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Comments made by gerold

How Would Legalizing Pot Affect Calif. Budget, Communities?

I heard the show on my way to work this morning, and was amazed to hear Roger Morgan, the pro-prohibition guy, describe his solution for reefer madness. It was ridiculously absurd and idiotic, but no one called him on it: he actually proposed random drug tests for middle schoolers throughout California. Maybe he even threw in elementary students, I'm not sure about that, but in any case the police-state solutions these bunglers support are a perfect reminder of why we need to pass Prop. 19.

Stephen Gutwillig was pretty good, but Morgan was pathetic. It will be interesting to see if his scare tactics work on California voters.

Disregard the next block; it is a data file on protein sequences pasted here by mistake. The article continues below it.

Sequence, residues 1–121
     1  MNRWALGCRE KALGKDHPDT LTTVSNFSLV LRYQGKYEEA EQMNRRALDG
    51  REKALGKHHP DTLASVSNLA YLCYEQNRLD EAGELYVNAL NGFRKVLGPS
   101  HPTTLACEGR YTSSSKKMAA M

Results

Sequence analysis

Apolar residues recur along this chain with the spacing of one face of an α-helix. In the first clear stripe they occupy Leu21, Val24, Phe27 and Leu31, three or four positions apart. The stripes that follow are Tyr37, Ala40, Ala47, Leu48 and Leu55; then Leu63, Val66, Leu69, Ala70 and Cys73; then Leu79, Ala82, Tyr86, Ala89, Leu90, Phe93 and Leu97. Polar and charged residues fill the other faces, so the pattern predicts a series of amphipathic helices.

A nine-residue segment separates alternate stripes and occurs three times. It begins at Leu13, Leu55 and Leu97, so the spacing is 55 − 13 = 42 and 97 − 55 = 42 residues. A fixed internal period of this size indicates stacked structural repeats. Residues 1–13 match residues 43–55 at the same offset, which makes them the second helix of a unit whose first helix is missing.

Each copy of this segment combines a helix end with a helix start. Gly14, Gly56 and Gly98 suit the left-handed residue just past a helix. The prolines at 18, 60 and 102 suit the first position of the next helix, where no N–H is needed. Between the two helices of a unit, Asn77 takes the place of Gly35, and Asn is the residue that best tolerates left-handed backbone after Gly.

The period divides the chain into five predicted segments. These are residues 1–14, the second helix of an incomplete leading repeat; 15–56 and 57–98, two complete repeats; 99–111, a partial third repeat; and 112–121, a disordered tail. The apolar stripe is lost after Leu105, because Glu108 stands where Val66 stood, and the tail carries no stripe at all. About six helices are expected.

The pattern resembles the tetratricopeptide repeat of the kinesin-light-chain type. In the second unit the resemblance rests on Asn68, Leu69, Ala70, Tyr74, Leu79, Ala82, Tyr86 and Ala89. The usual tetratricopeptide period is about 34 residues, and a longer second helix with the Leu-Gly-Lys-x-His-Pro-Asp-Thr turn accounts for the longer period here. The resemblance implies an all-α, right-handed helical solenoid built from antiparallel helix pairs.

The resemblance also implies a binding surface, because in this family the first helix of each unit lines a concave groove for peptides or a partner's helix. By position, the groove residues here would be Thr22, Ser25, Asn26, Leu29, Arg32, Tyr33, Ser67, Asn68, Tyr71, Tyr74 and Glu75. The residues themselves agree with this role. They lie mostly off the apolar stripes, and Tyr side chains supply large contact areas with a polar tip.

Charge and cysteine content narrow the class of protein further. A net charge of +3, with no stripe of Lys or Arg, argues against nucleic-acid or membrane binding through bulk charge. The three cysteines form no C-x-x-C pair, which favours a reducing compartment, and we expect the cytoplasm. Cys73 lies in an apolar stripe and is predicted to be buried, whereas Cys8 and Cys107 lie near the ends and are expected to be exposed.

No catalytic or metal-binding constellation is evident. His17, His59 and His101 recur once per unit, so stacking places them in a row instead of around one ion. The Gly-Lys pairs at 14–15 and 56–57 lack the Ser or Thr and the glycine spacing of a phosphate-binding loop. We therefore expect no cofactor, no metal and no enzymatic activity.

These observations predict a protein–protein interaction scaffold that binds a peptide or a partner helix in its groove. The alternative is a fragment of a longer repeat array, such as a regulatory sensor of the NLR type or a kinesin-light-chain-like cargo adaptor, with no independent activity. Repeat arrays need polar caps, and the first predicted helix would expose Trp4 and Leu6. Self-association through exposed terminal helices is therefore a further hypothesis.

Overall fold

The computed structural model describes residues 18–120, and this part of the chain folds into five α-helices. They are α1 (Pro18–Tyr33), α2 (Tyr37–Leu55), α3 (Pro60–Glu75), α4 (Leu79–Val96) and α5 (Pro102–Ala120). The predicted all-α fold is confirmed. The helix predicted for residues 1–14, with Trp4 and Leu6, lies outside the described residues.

July 29, 2010 at 1:56 p.m. ( | suggest removal )

Chelsea King's Case Raises Doubts About Megan's Law

Hi BeenthereB4 - I sympathize with your feelings, and I can assure you, just about everyone agrees that the world will be a better place when Gardner (assuming he really is the perpetrator of this terrible crime!) is gone. I would be willing to administer justice to him personally.

But Rudy101 has been trying to explain some very important points here, and people are so angry that they just don't want to listen. They are complaining that our justice system is too kind to criminals, and sometimes it is, but keep in mind that we don't know who the criminals are, exactly, until they commit their crimes and are apprehended. Even then, we often aren't sure. We still convict the wrong person sometimes.